The STEM Advisory Council is recommending a short term goal of .5Mb per student, with a long term goal of 1 Mb per student. Iowa schools appear to be falling well short of these goals–150 schools have 10 Mb or less of bandwidth, with seven having no access to the internet at all–but if we look at bandwidth requirements for streaming video (again courtesy of AEA 267), it is easy to understand the STEM Advisory Council recommendations.
For schools with low bandwidth capacity, instructional use of the internet will have to be limited or eliminated during testing. Of course, for schools working with limited hardware, instructional use of computers might have to be limited or eliminated during testing anyway.
Why else does it matter?
We have already seen pushback on the Common Core in Iowa. Imagine how popular it will be if there are major problems with the Common Core assessment rollout. A high profile, comprehensive tech readiness plan might be reassuring (see New Hampshire’s website, for example) and minimize the likelihood of major problems occuring.
In addition, the DE can’t ask the Iowa Legislature to appropriate funds for tech readiness if they don’t know what is needed, leaving schools to fund needed tech readiness upgrades out of existing school budgets that are already stretched thin. This might be much less of a concern for schools ahead of the curve tech wise, but ought to be a concern nonetheless. Diverting local funds from the classroom or needed facility maintenance or upgrades will hardly make the Common Core and the accompanying standardized assessments more popular.
A paper-and-pencil option will be offered until 2016-17 for school not currently tech ready, but this option raises comparability and equity issues.
“With an adaptive test, you see right away what questions a kid needs,” said Lauress L. Wise, a principal scientist with the Monterey, Calif.-based Human Resources Research Organization, which has performed quality assurance and evaluation on testing systems such as the National Assessment of Educational Progress. “With paper and pencil, you’d have to offer a lot more questions—a longer test—to make it comparable to that. If you can’t do that, you won’t be measuring the end points [of achievement] as well.”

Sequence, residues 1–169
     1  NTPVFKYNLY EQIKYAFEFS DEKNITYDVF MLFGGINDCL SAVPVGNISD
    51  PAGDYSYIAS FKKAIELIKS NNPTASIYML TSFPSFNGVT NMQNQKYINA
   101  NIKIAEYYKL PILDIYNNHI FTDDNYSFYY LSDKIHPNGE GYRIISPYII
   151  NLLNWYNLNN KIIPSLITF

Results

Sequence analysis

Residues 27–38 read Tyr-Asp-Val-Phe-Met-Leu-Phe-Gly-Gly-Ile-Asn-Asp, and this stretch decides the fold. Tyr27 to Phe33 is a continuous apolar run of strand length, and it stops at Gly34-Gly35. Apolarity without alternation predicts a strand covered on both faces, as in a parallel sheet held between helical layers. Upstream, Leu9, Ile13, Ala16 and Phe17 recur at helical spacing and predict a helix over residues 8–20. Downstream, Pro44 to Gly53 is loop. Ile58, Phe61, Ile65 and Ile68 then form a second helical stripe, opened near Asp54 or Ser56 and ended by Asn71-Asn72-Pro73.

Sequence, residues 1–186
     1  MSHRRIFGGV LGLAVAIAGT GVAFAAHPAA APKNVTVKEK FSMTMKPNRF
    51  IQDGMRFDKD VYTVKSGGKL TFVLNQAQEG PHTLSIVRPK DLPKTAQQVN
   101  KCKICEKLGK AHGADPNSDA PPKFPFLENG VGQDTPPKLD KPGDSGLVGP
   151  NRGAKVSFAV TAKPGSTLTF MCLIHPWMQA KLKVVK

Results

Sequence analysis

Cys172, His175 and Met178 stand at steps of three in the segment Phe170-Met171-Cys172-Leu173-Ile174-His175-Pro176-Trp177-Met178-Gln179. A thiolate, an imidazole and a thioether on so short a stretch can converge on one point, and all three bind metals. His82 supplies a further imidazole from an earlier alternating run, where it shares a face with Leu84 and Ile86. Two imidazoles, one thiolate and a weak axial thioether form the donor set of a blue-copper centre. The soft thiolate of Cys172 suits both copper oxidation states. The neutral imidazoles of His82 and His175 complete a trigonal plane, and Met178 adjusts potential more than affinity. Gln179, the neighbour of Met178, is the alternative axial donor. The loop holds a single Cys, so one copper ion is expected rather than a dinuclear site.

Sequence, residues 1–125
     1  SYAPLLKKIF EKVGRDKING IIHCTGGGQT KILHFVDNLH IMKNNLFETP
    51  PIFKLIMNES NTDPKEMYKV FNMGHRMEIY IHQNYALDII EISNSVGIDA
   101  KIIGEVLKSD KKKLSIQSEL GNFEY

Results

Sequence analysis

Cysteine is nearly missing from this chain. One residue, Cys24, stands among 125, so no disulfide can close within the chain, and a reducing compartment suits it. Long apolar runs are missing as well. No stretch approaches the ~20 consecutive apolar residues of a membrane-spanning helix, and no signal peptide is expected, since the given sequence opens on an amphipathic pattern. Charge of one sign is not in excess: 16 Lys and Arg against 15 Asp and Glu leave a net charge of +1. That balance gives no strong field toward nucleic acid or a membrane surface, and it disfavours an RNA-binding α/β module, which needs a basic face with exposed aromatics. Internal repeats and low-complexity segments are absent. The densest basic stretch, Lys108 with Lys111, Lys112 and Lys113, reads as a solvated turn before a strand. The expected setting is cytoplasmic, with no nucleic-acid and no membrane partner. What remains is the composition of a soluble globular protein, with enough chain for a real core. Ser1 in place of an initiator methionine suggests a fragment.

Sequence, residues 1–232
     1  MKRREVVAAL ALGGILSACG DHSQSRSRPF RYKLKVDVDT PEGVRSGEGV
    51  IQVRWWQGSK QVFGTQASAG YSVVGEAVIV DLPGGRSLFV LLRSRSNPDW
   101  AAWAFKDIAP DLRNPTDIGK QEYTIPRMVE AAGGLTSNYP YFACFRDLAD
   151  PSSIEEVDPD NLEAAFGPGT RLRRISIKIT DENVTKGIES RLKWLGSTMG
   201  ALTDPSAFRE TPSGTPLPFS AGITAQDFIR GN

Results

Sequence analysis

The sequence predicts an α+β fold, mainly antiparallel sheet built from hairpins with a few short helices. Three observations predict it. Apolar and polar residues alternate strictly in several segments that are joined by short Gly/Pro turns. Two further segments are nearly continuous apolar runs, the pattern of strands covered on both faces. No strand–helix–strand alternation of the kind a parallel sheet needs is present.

[SBAC executive director Joe] Willhoft acknowledged that the paper version of the Smarter Balanced test will be “less precise, with a larger measurement error” at those points in the spectrum.
These assessments will be used to compare Iowa schools to each other, with high stakes attached to the outcomes. As a matter of basic fairness, all Iowa students should be taking these assessments under essentially the same conditions.
Update: How much variability in testing conditions can occur before it affects the validity and reliability of the results? Rick Hess asks three questions in this regard that he says haven’t been answered:
How will we compare the results of students who take the assessment using a variety of different devices? There will be variability in screen sizes, keyboards, and potentially in the visual display. Some students will be using certain kinds of devices for the first time. And many states will be administering tests to some number of students using paper and pencil in 2015, and likely beyond. What do we know about how to account for all this variation in order to produce valid, reliable results?
While there are always questions about consistency of testing conditions, these get super-sized when the stakes climb and variation is non-random. Well, limited access to the required devices means that all the usual questions get accentuated. How will PARCC and SBAC account for vastly different testing conditions? Depending on testing infrastructure, some schools will be able to assess students in their regular classroom while other schools will have to shuffle students around the building, to schools across town, or to independent testing centers. How much does this matter? What do we know about how to track and then account for the impact of such factors on outcomes?
How will we account for the fact that we’re apparently looking at testing windows that will stretch over four or more weeks? Students in schools which administer the test towards the end of the testing window will have had a lot more instructional time than students in schools which test at the beginning. The variation could be 10 percent of the instructional year, or more. How is this going to be tracked and accounted for when comparing teachers, schools, programs, and vendors?
Field test side note: SBAC has released estimated times to complete the assessments based on pilot testing, with the caveat that the tests are not timed, so students may take more or less time to complete them. Smarter Balanced Assessments cover just mathematics and English language arts, so the time to administer the science assessments required by Iowa law would be in addition to these estimated times: